The best part of dinner was the company


and of course the coffee wasn’t too bad…


Do we recommend ZabRoso?  Well, we didn’t have ALL the entrees so it wouldn’t be fair to judge completely.  At this point, I would suggest giving ZabRoso a try because the atmosphere was very pleasant and the left side of the menu, Appetizers, Tapas, Cocas (pizzas) looked good.   I will make one out right criticism:  The food is over priced for the quality served.  If the price was adjusted, ZabRosa just might be a popular establishment.

We do STRONGLY suggest a visit to the Community Mansion House Museum which we stumbled upon by going in through the wrong door.

The Oneida Community House

On our way out from dinner, I asked the lady whom we first saw peeking out of the office and pointing us in the direction of the restaurant, what was the Community House.  She proceeded to give us a tour and told us that it has about 30 or so apartments and also overnight rooms.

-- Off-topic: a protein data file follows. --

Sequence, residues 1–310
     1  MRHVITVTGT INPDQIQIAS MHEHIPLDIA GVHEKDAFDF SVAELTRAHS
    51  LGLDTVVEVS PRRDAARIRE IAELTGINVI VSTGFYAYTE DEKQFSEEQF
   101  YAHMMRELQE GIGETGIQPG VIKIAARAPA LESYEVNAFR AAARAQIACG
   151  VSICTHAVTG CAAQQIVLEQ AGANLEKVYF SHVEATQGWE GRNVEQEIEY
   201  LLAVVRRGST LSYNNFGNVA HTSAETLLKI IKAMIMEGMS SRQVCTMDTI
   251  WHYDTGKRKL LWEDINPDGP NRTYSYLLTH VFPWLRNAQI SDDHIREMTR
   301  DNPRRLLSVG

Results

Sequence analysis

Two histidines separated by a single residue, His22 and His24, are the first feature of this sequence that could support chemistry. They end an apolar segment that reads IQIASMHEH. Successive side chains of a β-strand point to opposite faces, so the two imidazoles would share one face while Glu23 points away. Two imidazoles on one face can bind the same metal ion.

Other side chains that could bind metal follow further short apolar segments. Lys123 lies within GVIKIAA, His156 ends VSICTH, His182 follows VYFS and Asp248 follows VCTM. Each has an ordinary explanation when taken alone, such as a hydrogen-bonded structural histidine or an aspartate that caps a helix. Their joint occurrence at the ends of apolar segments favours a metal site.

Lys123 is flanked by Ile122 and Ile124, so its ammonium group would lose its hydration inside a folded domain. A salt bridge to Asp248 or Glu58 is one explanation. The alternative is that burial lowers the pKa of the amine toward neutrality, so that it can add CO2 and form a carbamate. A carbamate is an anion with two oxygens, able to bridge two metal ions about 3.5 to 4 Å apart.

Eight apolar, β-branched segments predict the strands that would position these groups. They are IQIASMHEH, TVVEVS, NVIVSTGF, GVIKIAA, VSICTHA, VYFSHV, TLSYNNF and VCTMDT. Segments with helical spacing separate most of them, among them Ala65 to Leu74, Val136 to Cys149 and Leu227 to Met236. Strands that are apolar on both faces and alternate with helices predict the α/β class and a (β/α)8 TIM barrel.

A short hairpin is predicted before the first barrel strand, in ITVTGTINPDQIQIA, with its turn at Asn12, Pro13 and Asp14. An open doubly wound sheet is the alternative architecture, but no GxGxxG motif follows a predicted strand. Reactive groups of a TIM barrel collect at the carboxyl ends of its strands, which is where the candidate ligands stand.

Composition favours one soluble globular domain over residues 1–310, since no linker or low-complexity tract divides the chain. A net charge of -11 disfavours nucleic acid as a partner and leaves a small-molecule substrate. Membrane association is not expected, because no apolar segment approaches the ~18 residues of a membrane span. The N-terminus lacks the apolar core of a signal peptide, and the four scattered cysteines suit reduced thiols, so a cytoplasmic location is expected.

She took us upstairs and began telling us the history of the house.  The communal utopia began in 1848 by a gentleman named John Humphrey Noyes.  It functioned for 33 years under his leadership as the most famous communal-living experiments in American history.  It was religious in base.  Their belief was the possibility of personal and social perfection through selfless behavior.   This meant they all shared labor (women and men worked together as equals), love (no one married), and property. 


From their insistence on life long learning and vigorous health, the abandonment of ones self for the good of the whole, they developed a work ethic and well of industriousness so deep it flowed into one of the most impressive manufacturing companies of the 20th century.